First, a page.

As we usher in another decade, a number of new laws and rules will come into effect in 2020 that may have an impact on your way of life. That includes changes to federal divorce laws, as well as cannabis and vaping regulations in some provinces.
Here are the highlights you need to know:
Federal tax changes
The basic amount most Canadians can earn tax-free is going up on Jan. 1, to $13,229. The increase is being phased in over four years until it reaches $15,000 in 2023.
For Canadians in the lower income brackets, the changes could result in tax savings of up to $140 in 2020. For those earning more than $150,473 annually, those savings will be clawed back or not offered at all.
Also starting on Jan. 1, the employment insurance premiums for individual workers and employees will slightly decrease. The maximum annual EI contribution for a worker will fall by $3.86 to $856.36 and employers’ maximum contribution will fall $5.41 to $1,198.90 per employee.
Changes to the Divorce Act
Federal laws related to divorce proceedings and family orders were amended with the passage of Bill C-78, with the majority of changes to the Divorce Act coming into effect on July 1, 2020.
The changes include updated criteria to determine a child’s best interests in custody cases, as well as measures to address family violence when making parenting arrangements.
The changes also aim to make the family justice system “more accessible and affordable” for everyone involved.
The Divorce Act applies to married couples who are divorcing, while provincial and territorial legislation applies to all other spousal separations, including those involving unmarried and common-law couples.
Overhauling the Indigenous child welfare system
Legislation known as the Act Respecting First Nations, Inuit and Métis Children, Youth and Families will come into full force on Jan. 1, 2020. It is meant to overhaul Canada’s Indigenous child welfare system, which critics have for years described as inadequate and discriminatory.
The changes to the legislation were developed with input from the Assembly of First Nations and experts across the country, and AFN says the new rules are “consistent” with the UN Declaration on the Rights of Indigenous Peoples.
Minimum wage increase
As of June 1, 2020, the minimum wage in the province will increase to $14.60 per hour, from the current hourly rate of $13.85. In June 2021, the minimum wage is expected to increase to $15.20 per hour.
New vaping regulations
The province is planning to roll out much tougher rules when it comes to sale and promotion of vaping products in the wake of increasing concerns about the health effects of vaping.
Among the new rules: the provincial sales tax on vaping products will increase significantly on Jan. 1, from seven to 20 per cent.
No more health-care premiums
B.C. is eliminating the provincial health-care premiums for its residents as of Jan. 1. The government says the elimination of the Medical Service Plan premiums will save individuals up to $900 and families up to $1,800 per year.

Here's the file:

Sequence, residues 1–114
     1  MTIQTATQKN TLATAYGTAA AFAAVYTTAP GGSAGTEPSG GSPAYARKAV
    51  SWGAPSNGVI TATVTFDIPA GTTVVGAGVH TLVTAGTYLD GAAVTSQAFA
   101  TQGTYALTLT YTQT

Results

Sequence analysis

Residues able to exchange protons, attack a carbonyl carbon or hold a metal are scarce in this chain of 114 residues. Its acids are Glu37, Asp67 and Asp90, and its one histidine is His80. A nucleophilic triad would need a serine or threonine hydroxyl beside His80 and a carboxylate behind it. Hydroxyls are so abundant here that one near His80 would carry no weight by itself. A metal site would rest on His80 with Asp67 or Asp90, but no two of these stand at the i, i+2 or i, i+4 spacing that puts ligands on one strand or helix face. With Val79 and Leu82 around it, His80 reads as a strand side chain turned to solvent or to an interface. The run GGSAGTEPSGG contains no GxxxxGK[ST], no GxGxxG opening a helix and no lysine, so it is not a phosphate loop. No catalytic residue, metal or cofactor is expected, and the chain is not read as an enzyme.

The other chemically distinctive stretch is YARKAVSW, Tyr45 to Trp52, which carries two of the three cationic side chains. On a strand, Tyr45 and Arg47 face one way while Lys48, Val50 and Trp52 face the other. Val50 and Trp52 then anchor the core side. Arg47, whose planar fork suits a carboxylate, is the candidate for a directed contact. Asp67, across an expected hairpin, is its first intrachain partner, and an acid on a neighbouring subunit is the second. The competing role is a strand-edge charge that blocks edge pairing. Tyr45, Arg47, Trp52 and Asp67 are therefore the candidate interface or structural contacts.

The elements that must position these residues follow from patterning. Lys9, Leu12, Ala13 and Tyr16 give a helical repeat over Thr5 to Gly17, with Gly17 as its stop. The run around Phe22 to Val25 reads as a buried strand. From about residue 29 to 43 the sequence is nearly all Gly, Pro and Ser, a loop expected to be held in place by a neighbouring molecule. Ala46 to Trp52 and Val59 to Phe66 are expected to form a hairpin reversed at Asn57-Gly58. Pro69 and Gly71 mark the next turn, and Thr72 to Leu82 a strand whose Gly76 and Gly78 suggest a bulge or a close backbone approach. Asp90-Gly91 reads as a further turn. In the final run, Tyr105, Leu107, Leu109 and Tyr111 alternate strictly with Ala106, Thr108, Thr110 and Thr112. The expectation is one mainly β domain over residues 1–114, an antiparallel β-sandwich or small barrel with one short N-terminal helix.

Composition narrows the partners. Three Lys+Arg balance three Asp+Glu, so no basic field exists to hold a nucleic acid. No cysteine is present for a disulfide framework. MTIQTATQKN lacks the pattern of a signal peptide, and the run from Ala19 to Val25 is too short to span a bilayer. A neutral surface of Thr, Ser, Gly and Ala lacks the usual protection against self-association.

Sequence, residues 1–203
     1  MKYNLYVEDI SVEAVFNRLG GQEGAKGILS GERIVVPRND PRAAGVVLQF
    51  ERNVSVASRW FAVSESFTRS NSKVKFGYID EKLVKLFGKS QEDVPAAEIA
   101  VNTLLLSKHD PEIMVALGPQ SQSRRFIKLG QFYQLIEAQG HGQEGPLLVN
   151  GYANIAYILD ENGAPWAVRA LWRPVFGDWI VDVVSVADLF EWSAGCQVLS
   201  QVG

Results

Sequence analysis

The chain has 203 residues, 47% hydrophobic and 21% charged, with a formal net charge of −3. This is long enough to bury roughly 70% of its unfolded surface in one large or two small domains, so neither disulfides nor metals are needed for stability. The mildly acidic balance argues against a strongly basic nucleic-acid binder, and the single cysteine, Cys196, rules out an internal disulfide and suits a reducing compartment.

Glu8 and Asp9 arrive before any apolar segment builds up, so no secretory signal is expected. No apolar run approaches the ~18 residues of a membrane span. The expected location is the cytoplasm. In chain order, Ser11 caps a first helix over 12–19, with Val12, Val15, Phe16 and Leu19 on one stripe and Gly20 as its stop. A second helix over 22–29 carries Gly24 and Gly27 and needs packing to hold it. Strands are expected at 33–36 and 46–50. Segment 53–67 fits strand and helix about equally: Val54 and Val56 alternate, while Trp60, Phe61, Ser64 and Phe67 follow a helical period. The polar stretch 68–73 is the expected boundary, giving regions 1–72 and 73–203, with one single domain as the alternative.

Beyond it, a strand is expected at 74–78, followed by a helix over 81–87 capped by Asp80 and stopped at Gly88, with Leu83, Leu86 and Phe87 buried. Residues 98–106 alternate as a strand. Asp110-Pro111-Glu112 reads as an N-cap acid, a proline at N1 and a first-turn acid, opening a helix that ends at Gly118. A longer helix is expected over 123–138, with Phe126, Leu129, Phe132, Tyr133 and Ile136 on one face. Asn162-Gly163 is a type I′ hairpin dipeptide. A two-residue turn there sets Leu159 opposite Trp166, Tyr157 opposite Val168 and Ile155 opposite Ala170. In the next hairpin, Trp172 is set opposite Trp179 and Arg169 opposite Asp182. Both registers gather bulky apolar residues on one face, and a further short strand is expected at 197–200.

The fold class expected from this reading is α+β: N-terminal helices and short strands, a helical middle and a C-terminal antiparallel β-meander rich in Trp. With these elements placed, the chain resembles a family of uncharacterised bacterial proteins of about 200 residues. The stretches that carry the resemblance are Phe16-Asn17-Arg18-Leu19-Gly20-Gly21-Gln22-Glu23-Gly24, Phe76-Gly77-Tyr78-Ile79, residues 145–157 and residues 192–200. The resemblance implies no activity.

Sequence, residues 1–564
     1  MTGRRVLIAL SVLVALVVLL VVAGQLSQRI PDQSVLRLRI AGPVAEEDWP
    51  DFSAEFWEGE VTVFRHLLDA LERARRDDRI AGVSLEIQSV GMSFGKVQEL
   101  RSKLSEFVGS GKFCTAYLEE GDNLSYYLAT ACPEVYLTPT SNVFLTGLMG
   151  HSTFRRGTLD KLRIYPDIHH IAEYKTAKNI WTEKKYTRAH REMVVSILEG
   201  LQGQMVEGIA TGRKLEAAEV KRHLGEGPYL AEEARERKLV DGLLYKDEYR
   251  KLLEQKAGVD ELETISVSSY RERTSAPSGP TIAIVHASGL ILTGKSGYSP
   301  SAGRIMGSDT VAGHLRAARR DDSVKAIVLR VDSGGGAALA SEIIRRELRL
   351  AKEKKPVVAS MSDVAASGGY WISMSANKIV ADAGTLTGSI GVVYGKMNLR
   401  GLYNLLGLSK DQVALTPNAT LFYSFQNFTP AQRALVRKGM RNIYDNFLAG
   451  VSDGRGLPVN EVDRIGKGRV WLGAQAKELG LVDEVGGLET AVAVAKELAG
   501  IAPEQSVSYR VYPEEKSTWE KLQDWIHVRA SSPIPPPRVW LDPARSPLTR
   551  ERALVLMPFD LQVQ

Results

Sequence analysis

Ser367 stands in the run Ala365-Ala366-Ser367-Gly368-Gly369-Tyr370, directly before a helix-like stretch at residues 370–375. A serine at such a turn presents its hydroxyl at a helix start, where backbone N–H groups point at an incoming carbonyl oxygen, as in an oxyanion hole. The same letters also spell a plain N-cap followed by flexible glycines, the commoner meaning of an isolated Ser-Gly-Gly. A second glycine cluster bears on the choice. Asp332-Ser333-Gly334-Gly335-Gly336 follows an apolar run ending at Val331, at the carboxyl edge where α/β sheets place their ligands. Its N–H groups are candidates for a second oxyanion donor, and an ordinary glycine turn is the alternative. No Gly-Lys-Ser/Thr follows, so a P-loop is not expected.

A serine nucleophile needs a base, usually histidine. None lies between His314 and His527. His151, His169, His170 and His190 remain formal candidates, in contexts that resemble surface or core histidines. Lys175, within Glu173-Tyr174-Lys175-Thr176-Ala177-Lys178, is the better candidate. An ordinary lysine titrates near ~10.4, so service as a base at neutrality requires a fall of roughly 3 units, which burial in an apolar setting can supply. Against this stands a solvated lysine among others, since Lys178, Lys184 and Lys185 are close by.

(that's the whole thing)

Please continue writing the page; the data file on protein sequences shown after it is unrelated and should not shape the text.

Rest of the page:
New carbon tax
The federal government will start imposing its carbon tax on Alberta on Jan. 1. Albertans will pay $20 per tonne of CO2 until April 2020, when the price will rise to $30 per tonne.
This means that Albertans will now be eligible for the carbon tax rebate when they file their income taxes. The rebate amounts will be as follows:
Single adult or first adult in a couple: $444
Second adult in a couple or first child of a single parent: $222
Each child under 18: $111
Baseline amount for a family of four: $888
Property division changes under family law
On Jan. 1, certain changes to the provincial family law will make it easier for unmarried partners to divide their property if they break up.
The Matrimonial Property Act will be amended to apply to both “adult interdependent partners” and legally married spouses. Other changes to the Act include clarifying property division rules and when couples can enter into property ownership and division agreements.
Big fines for distracted driving
Starting on Feb. 1, 2020, the province will significantly increase fines for distracted driving.
Fines for first-time offenders will more than double from the current $280to $580. A conviction will also cost the driver four demerit points.
A second distracted driving offence within the same year will cost $1,400, four demerits and an immediate week-long vehicle seizure. A third offence within the same year will cost the driver $2,100.
Changes to federal carbon tax rebates
The federal government has adjusted the carbon tax rebates for residents of provinces that have not adopted their own carbon pricing models. For Saskatchewan, the 2020 rebates, which must be claimed on the 2019 income tax returns, are as follows:
Single adult or first adult in a couple: $405
Second adult in a couple or first child of a single parent: $202
Each child under 18: $101
Baseline amount for a family of four: $809
Changes to federal carbon tax rebates
For Manitoba residents, the 2020 federal carbon tax rebates, which must be claimed on 2019 income tax returns, are as follows:
Single adult or first adult in a couple: $243
Second adult in a couple or first child of a single parent: $121
Each child under 18: $61
Baseline amount for a family of four: $486
No more out-of-country health insurance coverage
The Ontario government’s move to scrap its out-of-country health insurance takes effect on Jan. 1. This means that Ontarians who fall ill while travelling can no longer claim the $400-a-day maximum coverage for inpatient emergency care and the $50-a-day maximum allowed for emergency outpatient services (such as an MRI or a CAT scan) that, until now, were provided by OHIP.
The provincial government has defended its decision by saying that the OHIP coverage was minimal and “inefficient,” given the high cost of medical care abroad – and especially in the United States — that usually requires private travel insurance.
E-scooters on roads
As part of a five-year pilot project, the Ontario government will let municipalities decide whether to allow e-scooters on their roads.